Not the best start to 2018

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Comments

  • primekprimek Broken HillMember Posts: 4,425
    Hi and welcome. Do you know what type of bc you have?  6 months on and it might be all done and dusted and have plenty of recovery time before your planned trip. It will be a double celebration then. I know I didn't feel I could make future plans during treatment as my head just couldn't do it. But it gets better.  Kath x
  • MollygirlMollygirl Brisbane Member Posts: 213
    Hi @JoB, welcome but sorry you've had to join us. Everything will be such a whirlwind and difficult to take in right now. That's normal. You're scared. That's normal too. As well, as overwhelmed, bewildered, pissed off, frightened and the rest. Definitely take someone to your appointments if you can, you'll only take in about a third (also normal). 
    My family is in NZ so yes it's hard without them around but doable. Whilst my mum was keen to come over I didn't want any 'off the plane germs' near me whilst having chemo as I'm a germophobe, OCD, nurse. ( yep, worst patient). You should get a breast care nurse and they are wonderful and have so much knowledge and compassion. 
    We are here for you. Xx
  • Pammy46Pammy46 Central coast Member Posts: 149
    Hi @JoB sorry you are here but you are not alone we will all ride this journey with you.. you will get through this just as I did with all the wonder people on here helping thinking of you xx
  • LucyELucyE Member Posts: 295

    @JoB Here are some useful tips for starting cancer treatment from oncologist Ranjana Srivastava who writes for The Guardian. Here's the link:

    https://www.theguardian.com/commentisfree/2018/jan/12/five-things-to-remember-after-getting-the-dreaded-cancer-diagnosis?CMP=Share_iOSApp_Other 
  • AfraserAfraser MelbourneMember Posts: 1,640
    That's a very good article! The last one is worth remembering. We can get caught up in our own dilemmas but anyone who has seen the grateful look on a harried nurse's face when you assure her you're fine, not in a rush and can wait, will realise it does not take a lot to be nice, at least at times!
  • LucyELucyE Member Posts: 295
    edited January 13
    Have you read her other articles @Afraser? I love her writing in the Guardian. She wrote a great one recently about the potential causes of cancer. 

    It doesn’t take much to be nice. A radiographer the other day had to put a cannula in my arm twice as it didn’t go in right, which was upsetting for her and painful for me, but I was polite and it made it easier for both of us. I was thinking the other day, it’s much easier to focus on the negative things that happen, rather than all of the work that nurses and other health professionals put in that make things go smoothly. I’m a bit reflective today. 
  • AfraserAfraser MelbourneMember Posts: 1,640
    Just had a read of that article too. Only problem is that that kind of sense and rationality doesn't necessarily get people to act. A colleague of mine drank heavily (I mean a lot!), smoked heavily, was overweight and had had a heart attack but the cancer diagnosis still came as shock to him and his family. So many people pin their faith on the magic cure (kale!!) or the one true cause. Cancer is sometimes a cumulative reaction as many health problems are. Even if your cancer is pure bad luck (ie something we don't know about yet and may not be able to avoid) as current research indicates, not also being overweight, heart and lung challenged or otherwise unfit will help in dealing with treatment and recovery. Just as long as we realise that keeping healthy isn't the perfect armour either!! But you'll feel better!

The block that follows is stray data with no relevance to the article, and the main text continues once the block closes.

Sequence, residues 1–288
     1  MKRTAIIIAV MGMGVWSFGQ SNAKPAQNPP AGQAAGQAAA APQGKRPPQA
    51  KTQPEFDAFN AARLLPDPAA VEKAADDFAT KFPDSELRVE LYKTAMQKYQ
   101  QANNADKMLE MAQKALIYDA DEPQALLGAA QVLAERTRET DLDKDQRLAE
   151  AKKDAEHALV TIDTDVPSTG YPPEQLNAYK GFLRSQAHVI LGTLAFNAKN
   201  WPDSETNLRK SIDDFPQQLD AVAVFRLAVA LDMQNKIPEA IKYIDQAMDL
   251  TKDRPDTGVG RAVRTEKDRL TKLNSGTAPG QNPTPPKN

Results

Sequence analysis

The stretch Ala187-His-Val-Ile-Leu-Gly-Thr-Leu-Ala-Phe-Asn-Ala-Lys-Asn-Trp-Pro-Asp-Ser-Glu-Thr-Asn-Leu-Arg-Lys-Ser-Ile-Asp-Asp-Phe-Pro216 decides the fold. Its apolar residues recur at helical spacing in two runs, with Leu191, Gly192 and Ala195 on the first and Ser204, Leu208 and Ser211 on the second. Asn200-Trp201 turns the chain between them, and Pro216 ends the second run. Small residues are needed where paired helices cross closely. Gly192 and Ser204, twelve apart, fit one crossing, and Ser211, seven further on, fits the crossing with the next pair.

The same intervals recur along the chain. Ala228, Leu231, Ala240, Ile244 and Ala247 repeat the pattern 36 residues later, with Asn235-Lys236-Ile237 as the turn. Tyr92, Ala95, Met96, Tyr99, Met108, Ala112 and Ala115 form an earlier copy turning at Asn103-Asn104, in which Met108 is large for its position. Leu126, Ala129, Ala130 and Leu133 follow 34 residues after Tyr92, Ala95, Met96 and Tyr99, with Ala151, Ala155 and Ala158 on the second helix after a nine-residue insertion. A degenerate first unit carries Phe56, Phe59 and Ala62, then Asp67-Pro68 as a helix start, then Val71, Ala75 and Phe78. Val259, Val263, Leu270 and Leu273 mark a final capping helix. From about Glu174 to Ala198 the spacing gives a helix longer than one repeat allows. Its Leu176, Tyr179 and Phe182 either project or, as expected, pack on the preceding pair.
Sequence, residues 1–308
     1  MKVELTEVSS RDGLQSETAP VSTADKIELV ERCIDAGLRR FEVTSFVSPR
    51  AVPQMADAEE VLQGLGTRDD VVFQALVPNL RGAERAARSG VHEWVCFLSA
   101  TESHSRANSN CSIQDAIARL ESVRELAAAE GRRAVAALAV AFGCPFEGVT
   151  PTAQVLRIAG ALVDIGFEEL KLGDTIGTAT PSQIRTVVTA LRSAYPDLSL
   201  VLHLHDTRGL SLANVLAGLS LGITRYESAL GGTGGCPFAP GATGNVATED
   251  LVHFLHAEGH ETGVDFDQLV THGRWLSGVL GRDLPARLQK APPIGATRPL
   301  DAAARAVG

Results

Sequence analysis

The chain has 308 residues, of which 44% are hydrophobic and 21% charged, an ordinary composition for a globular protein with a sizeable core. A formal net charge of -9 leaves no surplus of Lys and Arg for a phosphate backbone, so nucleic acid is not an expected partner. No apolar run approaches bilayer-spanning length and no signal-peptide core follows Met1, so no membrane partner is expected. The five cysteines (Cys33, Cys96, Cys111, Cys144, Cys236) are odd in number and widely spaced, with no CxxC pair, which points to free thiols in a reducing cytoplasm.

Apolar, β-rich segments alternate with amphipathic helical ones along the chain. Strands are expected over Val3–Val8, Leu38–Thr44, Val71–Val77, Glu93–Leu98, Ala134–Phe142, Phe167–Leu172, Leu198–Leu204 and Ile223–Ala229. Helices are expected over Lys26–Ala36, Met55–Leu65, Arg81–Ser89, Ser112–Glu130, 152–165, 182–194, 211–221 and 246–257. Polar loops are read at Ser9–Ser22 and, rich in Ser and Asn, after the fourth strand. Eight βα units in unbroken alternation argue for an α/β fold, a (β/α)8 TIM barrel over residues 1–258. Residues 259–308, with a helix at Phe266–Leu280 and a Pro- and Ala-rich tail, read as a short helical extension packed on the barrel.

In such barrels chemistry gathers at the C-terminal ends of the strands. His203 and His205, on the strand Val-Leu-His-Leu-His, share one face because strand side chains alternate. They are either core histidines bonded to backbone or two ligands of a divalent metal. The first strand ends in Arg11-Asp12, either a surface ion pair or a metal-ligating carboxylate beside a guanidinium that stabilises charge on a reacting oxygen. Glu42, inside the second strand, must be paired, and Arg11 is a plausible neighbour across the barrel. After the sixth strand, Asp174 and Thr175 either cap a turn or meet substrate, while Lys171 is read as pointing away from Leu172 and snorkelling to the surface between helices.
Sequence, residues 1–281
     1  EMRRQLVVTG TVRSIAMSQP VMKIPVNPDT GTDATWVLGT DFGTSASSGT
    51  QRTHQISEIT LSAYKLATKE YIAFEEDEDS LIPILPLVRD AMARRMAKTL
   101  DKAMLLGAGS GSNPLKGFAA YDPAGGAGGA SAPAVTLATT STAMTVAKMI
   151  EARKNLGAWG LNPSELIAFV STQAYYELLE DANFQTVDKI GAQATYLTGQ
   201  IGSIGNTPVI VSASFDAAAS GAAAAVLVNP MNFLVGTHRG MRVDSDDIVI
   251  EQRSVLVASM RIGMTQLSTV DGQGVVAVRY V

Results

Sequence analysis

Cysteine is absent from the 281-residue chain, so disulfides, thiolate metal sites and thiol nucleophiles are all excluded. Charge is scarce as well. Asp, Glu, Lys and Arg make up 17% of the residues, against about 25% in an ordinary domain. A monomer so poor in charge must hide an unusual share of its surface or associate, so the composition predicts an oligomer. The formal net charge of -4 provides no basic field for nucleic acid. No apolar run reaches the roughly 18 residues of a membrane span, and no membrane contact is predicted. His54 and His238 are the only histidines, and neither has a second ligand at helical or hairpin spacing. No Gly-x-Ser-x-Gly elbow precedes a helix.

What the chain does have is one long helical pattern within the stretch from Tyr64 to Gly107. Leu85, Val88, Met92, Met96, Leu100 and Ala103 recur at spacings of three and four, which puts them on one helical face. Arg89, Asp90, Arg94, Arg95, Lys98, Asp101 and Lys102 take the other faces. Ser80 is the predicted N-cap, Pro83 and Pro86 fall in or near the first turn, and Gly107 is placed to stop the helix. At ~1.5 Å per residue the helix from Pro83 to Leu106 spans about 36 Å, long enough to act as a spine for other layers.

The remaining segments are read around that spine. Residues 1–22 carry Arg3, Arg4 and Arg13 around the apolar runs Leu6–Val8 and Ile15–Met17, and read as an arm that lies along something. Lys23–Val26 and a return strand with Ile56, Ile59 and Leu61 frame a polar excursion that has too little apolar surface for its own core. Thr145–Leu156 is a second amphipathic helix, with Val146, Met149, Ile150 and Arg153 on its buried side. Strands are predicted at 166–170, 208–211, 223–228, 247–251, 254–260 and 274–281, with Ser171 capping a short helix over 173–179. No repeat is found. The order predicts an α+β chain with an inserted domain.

• LucyELucyE Member Posts: 295
    I agree @Afraser, if you look at the comments, I reflected on being overweight and getting cancer. Wow, the sense of judgement from some people was overwhelming! Cancer is still a bad luck to some degree. It raises some interesting issues though. 
  • AfraserAfraser MelbourneMember Posts: 1,640
    I am not for a moment suggesting a particular thing causes cancer! I am pretty sure it may not, otherwise my pipe smoking grandfather wouldn't have lived to 94. My mother also smoked, liked a drink and nearly made 94 too! But having a lot of avoidable health issues is something we can take control of. And not be put off by the myriad things we can't control : ) 
  • LucyELucyE Member Posts: 295
    edited January 13
    @Afraser, true :)
  • lrb_03lrb_03 Member Posts: 818
    Like you, @LucyE, I love her writing, having read a number of her articles. I think she's in Melbourne, for anyone there
  • onemargieonemargie queenslandMember Posts: 1,189
    @TripleTea so happy for you to have finished all your treatment. Like I told you there’s champagne waiting at the top of the shit covered mountain you have just climbed well done love xx
  • SisterSister Adelaide Hills, SAMember Posts: 2,518
    @Afraser and @LucyE I was following links from another recommended article and came across the breast cancer risk calculator.  I had a play around with it (pretending I hadn't been diagnosed) and the one thing that brought me out of the moderate risk to high risk was my sister having had BC (she's the only one in my family who has ever had it).  I was really surprised about that.  Interestingly, it doesn't ask how many siblings you have and how many have had BC - it appears to be that 1 is enough.  I know it's a very simple tool but was still interesting to do.
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